Today, Incapsula services are being used by over 160,000 organisations worldwide.

Incapsula Service Review


Leveraging its newfound success and resources, Incapsula spent the last five years investing heavily in its technology, both to boost its legacy business and to venture into new directions, such as addressing its customers’ non-security needs.

New DDoS Protection Options

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Incapsula was always known for its DDoS mitigation. Playing to its strengths, many of its newest features expand its DDoS mitigation capabilities.

When we first reviewed Incapsula, they were already mitigating layer 3-4 and layer 7 DDoS attacks.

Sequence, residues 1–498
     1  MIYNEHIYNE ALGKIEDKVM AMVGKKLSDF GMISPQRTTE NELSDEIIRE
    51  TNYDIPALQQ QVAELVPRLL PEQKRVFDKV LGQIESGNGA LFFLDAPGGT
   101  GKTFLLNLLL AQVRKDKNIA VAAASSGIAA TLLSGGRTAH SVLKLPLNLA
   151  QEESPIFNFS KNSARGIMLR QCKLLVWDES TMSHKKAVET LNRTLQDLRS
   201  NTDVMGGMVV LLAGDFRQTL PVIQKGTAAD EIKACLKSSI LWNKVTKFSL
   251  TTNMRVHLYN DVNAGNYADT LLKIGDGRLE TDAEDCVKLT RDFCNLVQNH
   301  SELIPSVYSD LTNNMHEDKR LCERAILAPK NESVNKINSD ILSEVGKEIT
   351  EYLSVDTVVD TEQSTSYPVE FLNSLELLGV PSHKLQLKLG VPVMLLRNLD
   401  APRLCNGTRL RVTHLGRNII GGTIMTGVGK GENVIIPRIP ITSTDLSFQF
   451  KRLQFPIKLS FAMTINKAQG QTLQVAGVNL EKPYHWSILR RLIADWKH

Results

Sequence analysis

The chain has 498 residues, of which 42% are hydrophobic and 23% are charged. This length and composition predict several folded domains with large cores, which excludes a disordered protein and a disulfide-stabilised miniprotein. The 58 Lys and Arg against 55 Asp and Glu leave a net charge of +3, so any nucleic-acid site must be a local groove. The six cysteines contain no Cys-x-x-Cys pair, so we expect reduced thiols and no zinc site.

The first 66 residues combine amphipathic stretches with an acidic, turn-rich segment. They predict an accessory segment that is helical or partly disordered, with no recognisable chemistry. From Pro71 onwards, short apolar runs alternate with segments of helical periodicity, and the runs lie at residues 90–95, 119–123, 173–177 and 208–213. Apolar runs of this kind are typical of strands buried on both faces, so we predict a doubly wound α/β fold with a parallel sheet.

Today, Incapsula has evolved to protect against direct-to-DNS attacks. It now also offers a BGP-enabled DDoS mitigation service to complement its previous CDN-based offering. This BGP-based solution allows Incapsula to protect any type of online service (email servers, FTP, you name it) in addition to websites and web applications.

To address the increase in attack sizes and demand from new customers, Incapsula improved network protection by upgrading its scrubbing capacity to over 3.5 tbps.

One of its most interesting solutions is DDoS protection for individual IPs.

Usually, this kind of protection is only available to companies that have an entire Class C subnet. Incapsula, however, has found a smart way around that requirement, which makes it an excellent choice for small and medium businesses that don’t own a subnet but still find themselves bombarded by DDoS assaults.